When ISPO Munich 2020 closed its doors on Monday evening and visitors flocked to the subway, the opposite happened in Hall A2 at the "Sustainability Hub" meeting point. More and more women and some less men lined up at the entrance to register, so many that Oona Horx-Strathern had to start her presentation later.
The Viennese trend researcher spoke in front of more than 160 guests at the Women's Networking Event, including prominent sportswomen such as long-distance runner Sabrina Mockenhaupt and the German TV presenter Funda Vanroy accompanied the evening.
According to Horx-Strathern, megatrends are long-term developments that shape society. "They are all interconnected like on a trends subway timetable and influence each other." Every megahype would last for around 100 years, the futurologist reported.
There is always a counter-trend developing from this, which leads in the other direction again. Horx-Strathern presented three current megatrends in more detail to their audience at the Women's Networking Event away from the after-work parties:
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Every third baby born today will live to see its 100th birthday. Life expectancy has recently risen steadily. Up to 83 years for women and 78 years for men. "The counter-trend to this is down aging," according to Horx-Strathern. "The older we get, the younger we want to be. Today's 40-year-olds are very different from those of the 60s, for example. And retirement is no longer a retirement, it's a riot."
According to the trend researcher, the older we get, the more attentive we are when it comes to sport. "Doctors speak of boomeritis because 50-year-olds today suffer many more injuries during sport than they used to because they are simply much more active.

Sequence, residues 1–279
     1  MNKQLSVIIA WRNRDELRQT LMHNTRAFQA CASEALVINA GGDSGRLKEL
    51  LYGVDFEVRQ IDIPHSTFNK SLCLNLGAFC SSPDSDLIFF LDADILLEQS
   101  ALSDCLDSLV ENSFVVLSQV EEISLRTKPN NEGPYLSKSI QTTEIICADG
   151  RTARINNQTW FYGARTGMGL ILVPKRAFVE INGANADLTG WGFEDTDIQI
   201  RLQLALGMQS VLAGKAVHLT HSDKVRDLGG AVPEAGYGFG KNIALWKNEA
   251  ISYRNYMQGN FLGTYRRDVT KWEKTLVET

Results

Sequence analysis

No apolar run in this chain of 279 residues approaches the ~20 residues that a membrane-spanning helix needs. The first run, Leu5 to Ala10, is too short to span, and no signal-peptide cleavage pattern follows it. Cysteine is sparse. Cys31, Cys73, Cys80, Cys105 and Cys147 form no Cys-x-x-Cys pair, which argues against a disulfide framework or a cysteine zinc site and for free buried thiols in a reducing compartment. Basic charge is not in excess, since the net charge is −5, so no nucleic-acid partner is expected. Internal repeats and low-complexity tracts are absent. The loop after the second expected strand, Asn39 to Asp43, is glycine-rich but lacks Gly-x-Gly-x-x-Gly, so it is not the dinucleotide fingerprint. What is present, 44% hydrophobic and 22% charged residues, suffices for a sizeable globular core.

In the culture of choice in which we live today, with lot of individual households, the danger of loneliness is great, Horx-Strathern warned. "The flexible working hours that many of us have today mean that we often have completely different daily routines than our friends. It's sometimes difficult to find time together and this makes you lonely."
The counter-trend is new communities: Co-Working, Co-Living, Co-Gardening. "Because the more individualistic we become, the more we need the support of other people."
The third megatrend that Horx-Strathern presented in her lecture was digitalization. "It gives us more opportunities to network," says the scientist. "Instead of networking with people, we tend to connect with technology and talk to Alexa first, instead of our partner when we get home." This again creates the opposite trend: the need to be consciously offline more often.
And what does all this have to do with sport? According to Horx-Strathern, ideally we use digital technology to improve our offline lives. "In the UK, for example, there's an app that links athletes to old people who need help. The aim is, for example, to jog to them help them in the house or garden and then run back home again."
According to the trend researcher, in future sport will no longer be about breaking records and setting best times, "but about anchoring a new attitude to life in everyday life. This will change the sport massively in the coming years."
Horx-Strathern continues, the mindfulness trend is the cultural megatrend of our time. "And there's nothing more mindful than sport." So-called mindful sports are therefore in, for example stand-up paddling or surfing. "They especially free people from digital autism and create connectivity."
In addition to these "mindful sports", the trend researcher sees sports that were once considered to be men's sports and are increasingly being conquered by women: "Boxing for example is being discovered by more and more women. I call such sports we-too sports, because of course women can do them too."
The fact that women can network, was demonstrated by the participants of the event following the lecture by Oona Horx-Strathern. They concluded the evening at various theme tables for another two hours. There are further campaigns for women at ISPO Munich in the form of daily "Expert4Women tours", where selected manufacturers present their collections especially for women to interested journalists, bloggers and retailers.
Read more about megatrends and the future of sport in the interview with Tristan Horx, one of Oona Horx-Stratern's two sons.